Describe a life-changing event and what you learned from the experience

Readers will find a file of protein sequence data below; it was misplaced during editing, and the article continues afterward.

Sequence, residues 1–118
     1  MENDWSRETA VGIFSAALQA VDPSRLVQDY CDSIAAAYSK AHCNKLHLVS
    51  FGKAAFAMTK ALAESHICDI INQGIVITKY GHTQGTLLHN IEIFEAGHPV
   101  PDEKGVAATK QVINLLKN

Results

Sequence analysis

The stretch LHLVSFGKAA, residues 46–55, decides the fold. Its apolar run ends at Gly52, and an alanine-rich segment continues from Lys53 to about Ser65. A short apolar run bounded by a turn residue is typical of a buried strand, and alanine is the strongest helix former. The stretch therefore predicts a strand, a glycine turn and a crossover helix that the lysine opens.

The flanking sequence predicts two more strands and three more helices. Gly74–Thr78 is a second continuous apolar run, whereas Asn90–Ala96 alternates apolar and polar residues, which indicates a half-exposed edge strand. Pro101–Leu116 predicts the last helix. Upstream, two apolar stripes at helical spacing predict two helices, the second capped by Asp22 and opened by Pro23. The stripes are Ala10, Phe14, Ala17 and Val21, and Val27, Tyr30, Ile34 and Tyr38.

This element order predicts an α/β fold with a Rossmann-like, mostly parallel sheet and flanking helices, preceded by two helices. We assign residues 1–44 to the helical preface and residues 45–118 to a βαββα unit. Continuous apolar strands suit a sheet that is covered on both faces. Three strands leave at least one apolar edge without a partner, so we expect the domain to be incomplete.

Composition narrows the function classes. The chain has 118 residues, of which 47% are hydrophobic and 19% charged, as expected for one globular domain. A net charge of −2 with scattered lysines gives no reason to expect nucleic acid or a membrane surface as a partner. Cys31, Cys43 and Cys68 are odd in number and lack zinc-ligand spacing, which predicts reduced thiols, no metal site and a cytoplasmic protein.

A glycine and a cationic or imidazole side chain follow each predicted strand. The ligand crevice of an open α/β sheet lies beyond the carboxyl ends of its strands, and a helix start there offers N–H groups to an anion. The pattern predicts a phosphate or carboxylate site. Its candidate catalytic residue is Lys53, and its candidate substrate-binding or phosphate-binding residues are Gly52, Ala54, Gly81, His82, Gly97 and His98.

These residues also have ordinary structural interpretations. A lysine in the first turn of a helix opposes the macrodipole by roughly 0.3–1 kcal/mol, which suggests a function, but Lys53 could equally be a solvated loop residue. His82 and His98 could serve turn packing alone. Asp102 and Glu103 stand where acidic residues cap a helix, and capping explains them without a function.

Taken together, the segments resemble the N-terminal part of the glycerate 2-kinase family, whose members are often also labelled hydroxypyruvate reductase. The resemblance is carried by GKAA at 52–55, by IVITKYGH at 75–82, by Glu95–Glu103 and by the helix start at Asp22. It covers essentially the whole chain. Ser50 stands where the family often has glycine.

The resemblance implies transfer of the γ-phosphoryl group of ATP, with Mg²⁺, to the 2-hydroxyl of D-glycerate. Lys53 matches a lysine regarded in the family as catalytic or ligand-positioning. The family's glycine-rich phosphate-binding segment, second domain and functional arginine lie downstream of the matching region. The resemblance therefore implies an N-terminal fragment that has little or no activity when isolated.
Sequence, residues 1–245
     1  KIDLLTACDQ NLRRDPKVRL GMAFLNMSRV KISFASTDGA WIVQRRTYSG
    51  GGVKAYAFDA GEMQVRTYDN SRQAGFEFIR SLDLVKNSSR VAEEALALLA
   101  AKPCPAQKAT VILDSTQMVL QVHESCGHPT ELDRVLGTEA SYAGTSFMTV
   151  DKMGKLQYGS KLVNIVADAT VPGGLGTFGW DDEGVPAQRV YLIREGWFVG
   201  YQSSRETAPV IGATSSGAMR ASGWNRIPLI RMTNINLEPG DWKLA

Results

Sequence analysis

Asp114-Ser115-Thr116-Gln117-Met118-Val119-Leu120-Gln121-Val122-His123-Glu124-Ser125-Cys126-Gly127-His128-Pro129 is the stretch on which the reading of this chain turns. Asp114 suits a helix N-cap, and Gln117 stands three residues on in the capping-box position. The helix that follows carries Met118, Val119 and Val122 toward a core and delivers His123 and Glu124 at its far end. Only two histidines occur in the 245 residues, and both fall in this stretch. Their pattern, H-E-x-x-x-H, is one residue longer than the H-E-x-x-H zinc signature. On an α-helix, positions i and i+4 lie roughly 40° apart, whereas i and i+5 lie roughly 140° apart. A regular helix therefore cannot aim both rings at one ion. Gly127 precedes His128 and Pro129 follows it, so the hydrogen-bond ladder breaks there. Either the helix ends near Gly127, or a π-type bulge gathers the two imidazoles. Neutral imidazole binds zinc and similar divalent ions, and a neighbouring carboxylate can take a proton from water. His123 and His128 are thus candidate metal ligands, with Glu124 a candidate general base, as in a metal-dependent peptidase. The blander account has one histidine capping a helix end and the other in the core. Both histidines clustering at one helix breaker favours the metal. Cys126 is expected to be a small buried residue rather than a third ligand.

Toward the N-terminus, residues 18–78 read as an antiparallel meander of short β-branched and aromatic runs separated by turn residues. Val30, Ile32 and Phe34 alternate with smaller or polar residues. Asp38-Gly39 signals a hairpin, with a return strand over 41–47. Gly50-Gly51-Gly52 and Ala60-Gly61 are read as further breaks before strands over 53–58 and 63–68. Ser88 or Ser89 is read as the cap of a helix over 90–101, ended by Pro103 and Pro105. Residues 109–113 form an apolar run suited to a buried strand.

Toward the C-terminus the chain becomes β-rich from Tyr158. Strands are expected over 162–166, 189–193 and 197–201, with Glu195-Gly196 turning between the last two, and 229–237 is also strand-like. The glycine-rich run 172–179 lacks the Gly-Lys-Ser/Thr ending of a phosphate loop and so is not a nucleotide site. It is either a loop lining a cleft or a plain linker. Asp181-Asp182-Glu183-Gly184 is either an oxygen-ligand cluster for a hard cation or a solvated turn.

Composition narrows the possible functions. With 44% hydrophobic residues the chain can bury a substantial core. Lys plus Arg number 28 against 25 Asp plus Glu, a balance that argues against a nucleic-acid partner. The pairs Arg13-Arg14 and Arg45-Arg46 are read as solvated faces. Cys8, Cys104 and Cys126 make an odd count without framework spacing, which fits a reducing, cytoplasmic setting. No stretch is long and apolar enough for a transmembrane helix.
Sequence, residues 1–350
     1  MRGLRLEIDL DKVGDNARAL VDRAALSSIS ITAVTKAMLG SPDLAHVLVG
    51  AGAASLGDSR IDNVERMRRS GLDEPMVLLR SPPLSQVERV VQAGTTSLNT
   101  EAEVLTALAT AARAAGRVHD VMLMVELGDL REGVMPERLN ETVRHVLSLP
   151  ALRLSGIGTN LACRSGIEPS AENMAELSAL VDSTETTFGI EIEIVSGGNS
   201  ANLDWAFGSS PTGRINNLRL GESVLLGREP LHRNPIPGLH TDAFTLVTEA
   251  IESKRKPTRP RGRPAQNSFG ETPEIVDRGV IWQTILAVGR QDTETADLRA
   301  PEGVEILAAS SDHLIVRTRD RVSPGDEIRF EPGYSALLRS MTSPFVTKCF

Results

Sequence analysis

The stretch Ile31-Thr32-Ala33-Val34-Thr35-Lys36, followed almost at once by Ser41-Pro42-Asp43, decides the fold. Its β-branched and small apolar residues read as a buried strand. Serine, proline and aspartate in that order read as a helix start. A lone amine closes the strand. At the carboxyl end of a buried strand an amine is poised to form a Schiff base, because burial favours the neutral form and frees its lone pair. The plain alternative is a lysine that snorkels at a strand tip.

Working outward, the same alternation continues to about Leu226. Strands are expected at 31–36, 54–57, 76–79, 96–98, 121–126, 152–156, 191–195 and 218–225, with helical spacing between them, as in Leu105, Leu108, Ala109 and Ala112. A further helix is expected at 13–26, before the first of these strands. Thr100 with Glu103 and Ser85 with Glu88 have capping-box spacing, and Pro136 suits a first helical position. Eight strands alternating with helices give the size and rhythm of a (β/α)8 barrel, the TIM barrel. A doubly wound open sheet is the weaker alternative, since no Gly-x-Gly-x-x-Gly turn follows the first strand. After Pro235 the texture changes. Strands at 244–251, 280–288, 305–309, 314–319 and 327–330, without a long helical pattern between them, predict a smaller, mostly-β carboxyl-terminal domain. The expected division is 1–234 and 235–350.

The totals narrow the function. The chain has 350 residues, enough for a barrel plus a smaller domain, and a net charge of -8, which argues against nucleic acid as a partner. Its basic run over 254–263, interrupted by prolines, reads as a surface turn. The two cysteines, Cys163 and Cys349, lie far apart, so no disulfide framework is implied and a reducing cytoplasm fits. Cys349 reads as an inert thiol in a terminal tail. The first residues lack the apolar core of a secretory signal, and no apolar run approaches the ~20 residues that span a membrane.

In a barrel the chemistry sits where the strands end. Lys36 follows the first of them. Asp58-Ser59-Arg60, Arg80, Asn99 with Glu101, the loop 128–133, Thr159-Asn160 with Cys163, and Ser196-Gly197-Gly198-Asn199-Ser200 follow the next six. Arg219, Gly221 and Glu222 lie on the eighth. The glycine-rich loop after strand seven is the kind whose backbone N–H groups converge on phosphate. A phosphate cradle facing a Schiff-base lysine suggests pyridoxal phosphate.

I still can’t believe that when faced with the certainty of a punch in the stomach from a two hundred-pound black belt, I found myself thinking, “I hope he hits me hard.” This may seem a little surprising — masochistic, even — but it was only part of the fateful three hour black belt test that transformed me from Ashley, regular citizen, to Ashley, karate god. My black belt test changed my life and gave me the confidence to stand up for myself and my beliefs with a newfound self-assurance, giving me strength and courage I did not know I possessed. All that and I also got the bragging rights that go along with busting out the whopping two hundred and fourteen pushups that it took to pass my test.Before I began martial arts, I was hands down the most perpetually frightened kid on the face of the planet. I’m not talking “frightened,” like I was a little skittish when wandering through dark alleys by myself. No, I mean frightened as in I couldn’t sit in the dentist’s office for five minutes with a couple of strangers, all in the kindly, over seventy set, without hyperventilating because I was sure one of them was about to kidnap me. Irrational, maybe, but this kind of “worrying” nevertheless took up a lot of my time. It got to the point that if a bespectacled bag-boy at the local Target appeared to be pushing carts towards me in an unusually menacing way, I would either hurl myself bodily through the window of my mom’s car (and sometimes those windows weren’t open) or opt for the full scale panic attack, complete with me grabbing whatever object happened to be handy (garage door opener, anyone?) and waving it about in what I hoped was an intimidating fashion. Thankfully, my parents became a little concerned by my somewhat odd behavior, and they decided to enroll me in karate classes at a local martial arts school.The day I started karate, my outlook on life began to change. I spent about three hours a week in class, at first just practicing how to keep my eyes open when someone was throwing a punch at me, then gradually learning dozens of ways to defend myself in various situations. Soon I was swaggering about town with the bravado of those high- kickin’, justice-protecting Power Rangers. After four years of bruises and failed attempts to jazz up my karate uniform with sequins, I was ready to test for my black belt. Granted, I could have probably bought a taser or mastered the art of Jedi mind control and been just as safe meandering through dimly lit streets at night, but getting my black belt meant more to me than just being able to defend myself. Martial arts was the first thing I really followed through to a successful completion. After quitting gymnastics, basketball, horseback riding and violin (even though that last one was more for the good of the rest of the world), sticking with karate showed me that perseverance and dedication to something I was passionate about could actually produce a worthwhile accomplishment. The self-determination and drive that it took for me to pass my black belt test are traits that I now apply to obstacles that I face each day; without that one real success in my long list of foregone activities, I probably would have halfheartedly attempted about nine and a half more meaningless extracurricular activities before quitting each one and joining the circus (cringe — and that would not have gone well either.) Passing my black belt test gave me self-confidence that I have carried with me every day since. Sure, tossing a one hundred ninety-pound ex-cage fighter over my head isn’t a daily occurrence in my life, but standing up for my opinions and beliefs sometimes requires the same kind of composure and Zen-like inner strength.